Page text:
For the first time in paperback, How I Became a Human Being is O’Brien’s account of his struggles to lead an independent life despite a lifelong disability. In 1955 he contracted polio and became permanently paralyzed from the neck down. O’Brien describes growing up without the use of his limbs, his adolescence struggling with physical rehabilitation and suffering the bureaucracy of hospitals and institutions, and his adult life as an independent student and writer. Despite his physical limitations, O’Brien crafts a narrative that is as rich and vivid as the life he led.
[more]

front cover of In Search of Effective Disability Policy
In Search of Effective Disability Policy
Comparing the Developments and Outcomes of the Dutch and Danish Disability Policies
Jan Høgelund
Amsterdam University Press, 2004
In the Netherlands, employers are responsible for integrating disabled people into the workforce. Employers in Denmark, however, can dismiss workers with health problems, leaving the public authorities to bear the responsibility of ensuring disabled people's participation in the workforce. In Search of Effective Disability Policy combines micro-level empirical analysis with a macro-level approach to examine the potentials of these two contrasting policies. Høgelund presents a thorough and detailed investigation into how to develop an effective disability policy, and his conclusion productively compares the virtues and drawbacks of each national policy.
[more]

front cover of The Inclusive Corporation
The Inclusive Corporation
A Disability Handbook for Business Professionals
Griff Hogan
Ohio University Press, 2003
Because of the Americans with Disabilities Act and the enormous market of aging adults coping with impairments, disability has become an important issue for all businesses. The Inclusive Corporation is the first book to address comprehensively this issue of disability as it relates to all of the areas critical to effective business management.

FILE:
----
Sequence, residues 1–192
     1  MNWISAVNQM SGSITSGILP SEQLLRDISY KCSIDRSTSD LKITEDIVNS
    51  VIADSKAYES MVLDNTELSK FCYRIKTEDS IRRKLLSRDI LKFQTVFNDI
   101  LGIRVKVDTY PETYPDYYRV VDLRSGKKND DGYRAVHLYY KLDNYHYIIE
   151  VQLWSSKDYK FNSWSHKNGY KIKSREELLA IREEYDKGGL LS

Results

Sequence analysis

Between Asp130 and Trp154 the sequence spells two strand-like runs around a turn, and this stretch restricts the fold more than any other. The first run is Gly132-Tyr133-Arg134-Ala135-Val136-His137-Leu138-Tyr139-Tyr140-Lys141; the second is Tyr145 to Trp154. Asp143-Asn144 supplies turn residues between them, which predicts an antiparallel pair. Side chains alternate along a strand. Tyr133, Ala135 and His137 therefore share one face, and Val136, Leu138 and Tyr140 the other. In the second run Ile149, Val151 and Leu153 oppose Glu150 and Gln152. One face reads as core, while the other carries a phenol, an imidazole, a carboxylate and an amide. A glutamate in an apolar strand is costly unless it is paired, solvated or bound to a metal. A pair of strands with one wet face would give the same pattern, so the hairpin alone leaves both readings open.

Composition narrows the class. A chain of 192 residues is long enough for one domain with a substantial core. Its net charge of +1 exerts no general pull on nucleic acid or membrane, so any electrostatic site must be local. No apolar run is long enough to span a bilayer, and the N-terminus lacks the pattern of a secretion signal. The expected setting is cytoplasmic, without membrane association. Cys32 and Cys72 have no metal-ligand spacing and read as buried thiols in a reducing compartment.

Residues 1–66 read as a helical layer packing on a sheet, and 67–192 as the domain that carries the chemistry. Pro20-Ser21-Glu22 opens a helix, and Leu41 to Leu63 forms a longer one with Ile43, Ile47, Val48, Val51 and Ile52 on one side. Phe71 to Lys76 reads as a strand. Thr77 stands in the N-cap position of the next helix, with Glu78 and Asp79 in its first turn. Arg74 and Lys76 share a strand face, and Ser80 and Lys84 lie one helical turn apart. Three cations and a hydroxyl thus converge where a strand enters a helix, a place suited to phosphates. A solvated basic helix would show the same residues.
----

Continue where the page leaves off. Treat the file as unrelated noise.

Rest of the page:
The Inclusive Corporation succinctly presents disability-related information and resources that business managers need, and does so in a way that is highly readable and easy to use. The book is respectful and understanding of business requirements, while at the same time conveying a comprehensive knowledge of disability issues.

Matters of legal compliance, social responsibility, recruitment, diversity, employee supervision, customer service, product design and marketing — all are dealt with in The Inclusive Corporation. The result of the author's many years of experience working with businesses to improve their ability to include disabled people both as customers and employees, The Inclusive Corporation will be welcomed by people with disabilities and by business professionals nationwide.
[more]

front cover of Invisible City
Invisible City
Poverty, Housing, and New Urbanism
By John Ingram Gilderbloom
University of Texas Press, 2008
A legendary figure in the realms of public policy and academia, John Gilderbloom is one of the foremost urban-planning researchers of our time, producing groundbreaking studies on housing markets, design, location, regulation, financing, and community building. Now, in Invisible City, he turns his eye to fundamental questions regarding housing for the elderly, the disabled, and the poor. Why is it that some locales can offer affordable, accessible, and attractive housing, while the large majority of cities fail to do so? Invisible City calls for a brave new housing paradigm that makes the needs of marginalized populations visible to policy makers.Drawing on fascinating case studies in Houston, Louisville, and New Orleans, and analyzing census information as well as policy reports, Gilderbloom offers a comprehensive, engaging, and optimistic theory of how housing can be remade with a progressive vision. While many contemporary urban scholars have failed to capture the dynamics of what is happening in our cities, Gilderbloom presents a new vision of shelter as a force that shapes all residents.
[more]

front cover of Just Below the Line
Just Below the Line
Disability, Housing, and Equity in the South
Korydon H. Smith
University of Arkansas Press, 2010
With America on the brink of the largest number of older adults and persons with disabilities in the country’s history, the deceleration in housing production during the first decade of the twenty-first century, and a continued reliance on conventional housing policies and practices, a perfect storm has emerged in the housing industry. The lack of fit between the existing housing stock and the needs of the U.S. population is growing pronounced. Just as housing needed to be retooled at the end of WWII, the American housing industry is in dire need of change today. The South—with its high rates of poverty, older residents, residents with disabilities, extensive rural areas, and out-of-date housing policies and practices—serves as a “canary in the coal mine” for the impending, nationwide housing crisis. Just Below the Line discusses how reworking the policies and practices of the housing industry in the South can serve as a model for the rest of the nation in meeting the physical and social needs of persons with disabilities and aging boomers. Policy makers, designers, builders, realtors, advocates, and housing consumers will be able to use this book to promote the production of equitable housing nationwide.